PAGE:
The most popular of films about immigrants, this one has a light touch.
The Man from Hong Kong (Brian Trenchard-Smith, 1975) wr. Brian Trenchard-Smith, dp Russell Boyd; Deryck Barnes, Rebecca Gilling, Bill Hunter, Hugh Keays-Byrne, George Lazenby, Grant Page, Ros Spiers, Frank Thring, Jimmy Wang Yu, Roger Ward, Phillip Avalon
The first important actioner; Grant Page does stunts. Includes unarmed combat on Ayer's Rock (Uluru): you'll never see that again.
The Man from Snowy River (George Miller, 1982) Kirk Douglas, Tom Burlinson, Sigrid Thornton
Another film still popular with Aussies, it's a western romance.
The Man Who Sued God (Mark Joffe, 2002) wr. Don Watson, dp Peter James; Billy Connolly, Judy Davis, Colin Friels, Bille Brown, Wendy Hughes, Emily Browning
Any film which brings together Judy Davis and Billy Connolly must be and is worth watching.
Metal Skin (Geoffrey Wright, 1995) wr. Geoffrey Wright, prod. Daniel Scharf, Southern Star; Aden Young (Joe), Tara Morice (Savina), Ben Mendelsohn (Dazey), Nadine Garner (Roslyn), Chantal Contouri (Savina's mother); drama, thriller; psycho Joe, urban misfit, craves the respect of his peers on the streets and the love of a nice girl who secretly practises black magic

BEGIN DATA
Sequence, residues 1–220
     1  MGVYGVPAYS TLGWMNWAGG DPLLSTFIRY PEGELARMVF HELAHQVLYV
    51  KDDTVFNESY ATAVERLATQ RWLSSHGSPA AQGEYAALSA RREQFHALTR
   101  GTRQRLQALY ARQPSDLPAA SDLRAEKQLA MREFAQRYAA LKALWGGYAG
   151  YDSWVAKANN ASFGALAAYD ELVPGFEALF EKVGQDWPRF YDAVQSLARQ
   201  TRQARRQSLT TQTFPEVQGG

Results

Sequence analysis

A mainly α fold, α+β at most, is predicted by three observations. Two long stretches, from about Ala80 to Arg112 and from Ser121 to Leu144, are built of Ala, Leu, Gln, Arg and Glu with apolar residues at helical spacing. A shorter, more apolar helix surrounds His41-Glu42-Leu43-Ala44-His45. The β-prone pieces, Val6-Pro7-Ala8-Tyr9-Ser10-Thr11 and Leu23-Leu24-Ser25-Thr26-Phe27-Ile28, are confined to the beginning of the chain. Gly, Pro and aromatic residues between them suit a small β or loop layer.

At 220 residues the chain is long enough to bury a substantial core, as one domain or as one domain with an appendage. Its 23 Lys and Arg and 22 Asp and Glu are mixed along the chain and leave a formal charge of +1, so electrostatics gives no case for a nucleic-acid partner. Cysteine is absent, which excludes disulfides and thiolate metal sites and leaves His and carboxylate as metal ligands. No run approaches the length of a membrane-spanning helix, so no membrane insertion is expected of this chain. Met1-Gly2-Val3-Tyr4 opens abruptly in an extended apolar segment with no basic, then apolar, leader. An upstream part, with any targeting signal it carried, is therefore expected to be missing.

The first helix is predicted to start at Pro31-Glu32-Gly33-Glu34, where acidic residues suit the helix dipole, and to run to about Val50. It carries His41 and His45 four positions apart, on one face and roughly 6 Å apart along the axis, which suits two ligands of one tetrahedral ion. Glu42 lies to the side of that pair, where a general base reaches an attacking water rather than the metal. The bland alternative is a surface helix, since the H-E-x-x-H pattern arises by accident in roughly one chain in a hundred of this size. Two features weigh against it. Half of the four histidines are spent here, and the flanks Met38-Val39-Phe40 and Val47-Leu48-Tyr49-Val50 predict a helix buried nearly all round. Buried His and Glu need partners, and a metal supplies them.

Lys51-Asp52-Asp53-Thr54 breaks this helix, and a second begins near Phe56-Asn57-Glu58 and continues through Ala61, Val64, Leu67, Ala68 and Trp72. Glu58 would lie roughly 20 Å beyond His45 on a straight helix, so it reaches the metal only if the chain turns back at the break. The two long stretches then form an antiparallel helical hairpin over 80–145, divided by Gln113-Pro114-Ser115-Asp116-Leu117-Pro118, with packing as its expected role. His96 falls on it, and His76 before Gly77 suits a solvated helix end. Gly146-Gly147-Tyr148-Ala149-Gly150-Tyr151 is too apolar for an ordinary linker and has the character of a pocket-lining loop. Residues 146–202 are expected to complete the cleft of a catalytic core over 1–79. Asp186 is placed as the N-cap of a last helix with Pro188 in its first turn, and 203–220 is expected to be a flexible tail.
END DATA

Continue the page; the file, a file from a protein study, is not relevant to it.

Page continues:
Geoffrey Wright is the powerful film-maker who directed Romper Stomper and more recently Macbeth. This is his take on revhead culture, but it's not merely realistic: it has a legendary dimension.
Money Movers (Bruce Beresford, 1979) dp Don McAlpine, operator John Seale; Terence Donovan, Tony Bonner, Ed Devereaux, Charles Tingwell, Candy Raymond, Jeanie Drynan, Bryan Brown, Alan Cassell, Gary Files, Ray Marshall, Hu Pryce, Frank Wilson, Lucky Grills, Tony Allison, Brian Anderson, Kevin Brenner, Terry Camilleri, Bill Charlton, Kathy Dior, Graham Gow, James Elliot, Robert Essex, Max Fairchild, John Hargreaves
It's easy to forget the less important films of the 1970s: this violent crime actioner still stands up to examination.
Monkey's Mask (Samantha Lang, 2000) novel Dorothy Porter; Kelly McGillis, Susie Porter, Abbie Cornish, Marton Csokas, Deborah Mailman; lesbian private detective dives head first into murder, manipulation and the consuming power of sex
Mr Reliable (Nadia Tass, 1996) Colin Friels, Jacqueline McKenzie, Susie Porter, Paul Sonkkila, Frank Gallacher; Wally Mellish gets away with it because he can't read and write
Another quirky part for and fine performance from Colin Friels.
Muriel's Wedding (P. J. Hogan, 1994) Toni Collette, Bill Hunter, Rachel Griffiths, Sophie Lee
A (melodramatic) comedy, so not particularly realistic; but deservedly memorable: 'You're terrible, Muriel.'
My First Wife (Paul Cox, 1984) wr. Bob Ellis; John Hargreaves, Wendy Hughes
It's only about a guy cracking up over the loss of his wife, but bringing together the brilliance of Ellis and Hargreaves and Cox's conviction makes it impossible to ignore.
The Nugget (Bill Bennett, 2002) Eric Bana, Stephen Curry, Dave O'Neil, Belinda Emmett, Peter Moon, Vince Colosimo, Max Cullen, Jane Hall; comedy, set in Mudgee NSW
One of the 'The' films from around the same time: The Castle, The Dish, this is Bennett's shot at comedy, and it's not bad.